My Medical Choice by Angelina Jolie
Last night, actress Angelina Jolie went public in the New York Times with her decision to undergo a prophylactic mastectomy. She revealed she carries a BRCA1 mutation, and that her mother passed away from cancer at the age of 56.
In her piece, Angelina writes about her children wanting to know if she would succumb to the same fate as her mother. She talks about the cancer risk associated with her BRCA mutation and the various steps of the surgery. These sentiments are all familiar to any woman who carries a hereditary breast and ovarian cancer risk, but what resonated with me the most in her writing was this:
“But I am writing about it now because I hope that other women can benefit from my experience. Cancer is still a word that strikes fear into people’s hearts, producing a deep sense of powerlessness. But today it is possible to find out through a blood test whether you are highly susceptible to breast and ovarian cancer, and then take action.”
Thank you, Angelina, for sharing your story. Every time a woman is brave enough to open up about her experience with hereditary cancer–from Angelina Jolie to Giuliana Rancic to Christina Applegate to my dear friend Trisha to ME!–there is limitless potential for making a difference. How many women will opt for BRCA testing because of Angelina Jolie? How many high-risk women will be more inclined to consider preventative surgery? Even if just one woman takes action, Angelina Jolie’s revelation will be worth it.
You go, girl. Thank you for joining the ranks of selfess women who have opened up about their mastectomies.
Good on her, and for any women who shares such a personal story – yourself included! As for that hash tag, I so do hope it never becomes cool to have a mastectomy. Life-saving, yes . . . understood and not mistaken with ‘boob jobs’, yes . . . cool . . . well, I’d rather put on some skinny jeans and go to a concert. 😉 ~Catherine
Hahah, an excellent point about the skinny jeans, Catherine!
Hi – I just read about on the dailymail this morning. Very proud moment when I could say – I know her! Your story will help so many young women avoid the fate I am living right now. God I would give anything to have had that chance to decide my future. Who knew mastectomies would become cool? :)) Hugs from Norway, OBB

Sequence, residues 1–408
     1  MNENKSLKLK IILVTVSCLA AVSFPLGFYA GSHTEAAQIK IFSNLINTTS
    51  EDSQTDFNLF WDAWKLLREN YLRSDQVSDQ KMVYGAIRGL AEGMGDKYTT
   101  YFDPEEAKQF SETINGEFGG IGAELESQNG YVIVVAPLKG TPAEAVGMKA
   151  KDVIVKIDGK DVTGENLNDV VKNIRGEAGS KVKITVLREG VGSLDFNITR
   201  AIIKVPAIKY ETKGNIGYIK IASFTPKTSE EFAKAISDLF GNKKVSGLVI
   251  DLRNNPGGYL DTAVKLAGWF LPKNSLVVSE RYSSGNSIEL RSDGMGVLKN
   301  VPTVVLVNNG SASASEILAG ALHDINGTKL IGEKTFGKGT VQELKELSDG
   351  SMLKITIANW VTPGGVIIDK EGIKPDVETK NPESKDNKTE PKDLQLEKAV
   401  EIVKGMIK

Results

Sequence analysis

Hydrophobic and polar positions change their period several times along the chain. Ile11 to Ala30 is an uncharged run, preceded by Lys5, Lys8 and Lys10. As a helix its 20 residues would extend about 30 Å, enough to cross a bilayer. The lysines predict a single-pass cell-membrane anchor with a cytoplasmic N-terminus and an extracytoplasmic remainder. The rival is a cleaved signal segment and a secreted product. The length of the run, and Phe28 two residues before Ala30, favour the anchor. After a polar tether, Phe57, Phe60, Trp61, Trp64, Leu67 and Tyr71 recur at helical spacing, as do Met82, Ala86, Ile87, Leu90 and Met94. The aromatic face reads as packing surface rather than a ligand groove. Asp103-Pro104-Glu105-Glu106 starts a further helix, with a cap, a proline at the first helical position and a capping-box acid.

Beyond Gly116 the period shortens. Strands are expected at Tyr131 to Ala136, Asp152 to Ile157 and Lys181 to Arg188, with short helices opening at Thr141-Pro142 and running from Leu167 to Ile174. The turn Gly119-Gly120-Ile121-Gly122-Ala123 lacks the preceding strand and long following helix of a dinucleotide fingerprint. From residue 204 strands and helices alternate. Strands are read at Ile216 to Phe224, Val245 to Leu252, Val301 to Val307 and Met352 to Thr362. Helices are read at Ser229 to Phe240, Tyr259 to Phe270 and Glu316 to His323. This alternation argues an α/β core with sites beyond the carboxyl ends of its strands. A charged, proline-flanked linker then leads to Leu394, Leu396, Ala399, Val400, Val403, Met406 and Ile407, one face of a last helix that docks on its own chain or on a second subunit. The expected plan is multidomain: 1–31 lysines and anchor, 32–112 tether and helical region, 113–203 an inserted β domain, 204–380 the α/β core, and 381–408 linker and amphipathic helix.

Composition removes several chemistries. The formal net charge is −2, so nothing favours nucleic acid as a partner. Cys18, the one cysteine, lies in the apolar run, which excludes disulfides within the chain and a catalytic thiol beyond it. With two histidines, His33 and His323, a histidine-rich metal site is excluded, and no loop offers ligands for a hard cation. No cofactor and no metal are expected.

Thanks for the comment, Kate! The OBB is still my favorite name. And I hope you’re right about sharing…the more people who blog/write/speak about this, the better.
My mother had ovarian cancer in 2000. I had a hysterectomy in 2001 to hopefully keep from having ovarian cancer as well.
Back then there weren’t sufficient tests as it appears there are now.
Glad advancements are getting better every year.
Was it worth it to have a hysterectomy? Yes, most definetly!
well if both your parents died from cancer in their 50,s than how do you get a test and were
Two months ago I found out I have the BRACA 2 gene. Since I found out I have been trying to explain to friends and family about the gene and preventative measures I may have to go through. Angelina making her status and decision public hopefully will open everyone’s eye to this testing and preventative screenings.
Rachel my PS group in Texas just posted a link to your interview on FB. It was so cool to watch it. I remember us going through our mastecomies and reconstruction together on BCO. I have enjoyed following your blog. You have amazed me from the time I met you on BCO. Glad things are going well for you.
Thanks for letting me know, Sherry! I hope you’re doing well. I was so fortunate to have all of the ladies on BCO to speak to during surgery time.